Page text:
WHAT YOU SHOULD KNOW ABOUT BRAND BEHAVIOR ON TWITTER
Social media is one of the best marketing tools at your disposal as an entrepreneur or small business owner. Some of the brand strategy experts on the Twitter Next team recently published a report called #RealTalk that explores public opinion about brand behavior on Twitter. The study is based on researchers’ analysis of over 5,000 unprompted tweets about brands from consumers and a follow-up survey carried out in eight countries. The findings from the study offer some fascinating insights regarding the way consumers feel about “Brand Twitter.”
The report has quite a bit of information to offer, and all of it’s worth reading, but the three most important takeaways involve the following:
- The tone a brand uses
- The topics with which a brand chooses to engage (or not engage)
- The communities a brand addresses
A common complaint among “Brand Twitter” surfers is that every brand sounds the same. The researchers behind #RealTalk looked deeper and discovered some merit to this criticism. After reading a tweet with all identifiers such as brand names or logos removed, only a third of the people surveyed could correctly pick the brand that wrote the tweet when presented with a list of options.
Brands are often so focused on using the right keywords, hitting the proper character count, or achieving some other SEO-focused goal that they end up sounding exactly like every other brand. When this happens, consumers notice. Most people want to engage with brands with a personality and a sense of identity, not with a faceless corporate marketing machine. If you’re a small business owner, you can easily differentiate yourself from corporations by leaning into a more genuine, approachable personality.
#RealTalk also examines the way consumers feel about brands using humor on Twitter. Four out of five people surveyed said they feel that brands should evolve their tone with the times, including knowing when it’s the right moment for humor and when it’s not. Many of the most popular “Brand Twitter” brands are known for their playful personas, but cracking a joke isn’t always the right tactic.
One of the most hotly contested issues seems to be whether or not brands should get involved with political topics or current events. It’s a question marketers struggle with frequently. Many people feel strongly that brands should stay out of serious issues like politics altogether, but that isn’t necessarily a universal sentiment. In fact, 60% of people surveyed by Twitter Next disagreed, stating they wanted to hear from brands in society’s pivotal moments.
Ultimately, brands can (and sometimes even should) contribute to the discussion around serious or complex topics, as long as it’s done appropriately and meaningfully. On the other hand, when brands use social media to capitalize on issues people are passionate about, they lose credibility with consumers.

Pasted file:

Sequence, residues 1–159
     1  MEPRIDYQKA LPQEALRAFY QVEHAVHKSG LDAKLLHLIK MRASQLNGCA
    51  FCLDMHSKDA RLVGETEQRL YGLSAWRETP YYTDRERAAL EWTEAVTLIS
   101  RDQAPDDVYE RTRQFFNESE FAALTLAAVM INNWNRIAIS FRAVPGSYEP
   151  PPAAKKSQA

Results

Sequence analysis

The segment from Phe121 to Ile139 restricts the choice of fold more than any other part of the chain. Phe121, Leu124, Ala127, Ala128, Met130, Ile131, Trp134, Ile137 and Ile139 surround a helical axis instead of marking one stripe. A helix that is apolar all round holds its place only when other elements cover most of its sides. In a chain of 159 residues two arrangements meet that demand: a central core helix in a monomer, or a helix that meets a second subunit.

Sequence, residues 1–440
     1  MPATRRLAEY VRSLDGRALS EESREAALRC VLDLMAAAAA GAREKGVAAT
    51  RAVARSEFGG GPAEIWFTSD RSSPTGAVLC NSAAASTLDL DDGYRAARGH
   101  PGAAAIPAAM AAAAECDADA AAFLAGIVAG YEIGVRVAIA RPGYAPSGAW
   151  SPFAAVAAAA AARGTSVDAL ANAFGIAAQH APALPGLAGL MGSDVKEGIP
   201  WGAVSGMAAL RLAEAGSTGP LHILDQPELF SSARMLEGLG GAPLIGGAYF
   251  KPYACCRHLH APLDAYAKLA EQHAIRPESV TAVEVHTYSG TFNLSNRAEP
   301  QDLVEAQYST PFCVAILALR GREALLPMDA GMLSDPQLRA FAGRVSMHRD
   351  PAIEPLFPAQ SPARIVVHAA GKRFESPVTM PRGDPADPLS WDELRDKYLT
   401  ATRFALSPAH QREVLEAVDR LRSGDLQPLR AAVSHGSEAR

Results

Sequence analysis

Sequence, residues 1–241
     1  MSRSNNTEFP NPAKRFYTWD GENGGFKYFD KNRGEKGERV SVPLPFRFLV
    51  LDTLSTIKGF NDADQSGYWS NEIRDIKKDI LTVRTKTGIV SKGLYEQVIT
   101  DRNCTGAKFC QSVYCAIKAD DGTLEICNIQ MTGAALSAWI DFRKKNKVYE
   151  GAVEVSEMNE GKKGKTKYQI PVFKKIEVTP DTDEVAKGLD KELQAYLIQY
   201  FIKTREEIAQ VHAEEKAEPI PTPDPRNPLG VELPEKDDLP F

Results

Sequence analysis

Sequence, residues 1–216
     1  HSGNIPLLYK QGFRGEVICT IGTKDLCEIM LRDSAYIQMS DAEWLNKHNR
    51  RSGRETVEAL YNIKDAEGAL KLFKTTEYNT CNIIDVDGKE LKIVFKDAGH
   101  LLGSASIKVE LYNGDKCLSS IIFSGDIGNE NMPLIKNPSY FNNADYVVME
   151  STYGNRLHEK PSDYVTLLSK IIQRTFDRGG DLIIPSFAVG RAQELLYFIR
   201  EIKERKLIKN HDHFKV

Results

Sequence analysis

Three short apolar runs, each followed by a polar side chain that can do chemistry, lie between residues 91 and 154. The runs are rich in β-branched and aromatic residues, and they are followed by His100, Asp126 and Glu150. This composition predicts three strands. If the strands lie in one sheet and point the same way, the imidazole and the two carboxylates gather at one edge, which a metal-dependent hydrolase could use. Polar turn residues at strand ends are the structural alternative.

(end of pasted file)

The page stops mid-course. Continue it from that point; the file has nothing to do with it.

To understand which topics your brand should speak up about and when you need to understand the communities you’re addressing 80% of respondents to the #RealTalk survey agree that brands’ voices on Twitter should reflect the full diversity of their audiences. An enormously varied range of people use Twitter, but if you try to speak to all of them at once, none of them will hear you. Instead of lumping customers together in broad categories that can be addressed en masse, brands should look for opportunities to address more nuanced communities directly.
If you’re a small business owner, you’re perfectly positioned to highlight diversity within your customer base. There are just as many different stories in your local or regional market as there are on a national or global scale. One of the advantages of doing business with a more locally concentrated audience is that it allows you to develop personal connections with your customers and acknowledge them as unique individuals, not as faceless members of a broad market segment.
As you write tweets for your business, remaining aware of tone, topic, and community can help you grow your audience and distinguish your brand from competitors.
Remember that your brand should come across as a personality, not an advertisement when you think of tone. Craft your brand’s voice intentionally and use it to differentiate your brand from all the others searching for the perfect SEO formula.
When you think of topic, consider whether it’s appropriate for your brand to join the conversation. Relevant and meaningful engagement with current events is received well by many consumers. But above all, don’t try to profit off of weighty topics.
When you think of community, remember that your target audience is much more diverse than whichever marketing demographic they’ve been placed within. Striving to reflect on the unique stories that comprise your audience is the best way to get through to them.
Keep in mind that the social media world is rapidly evolving. Case in point: Elon Musk’s recent acquisition of Twitter. It’s hard to say for sure what the future holds, so it’s important to continuously reassess and adapt your social media marketing strategy. Reports like #RealTalk are great resources to help you stay ahead of the curve.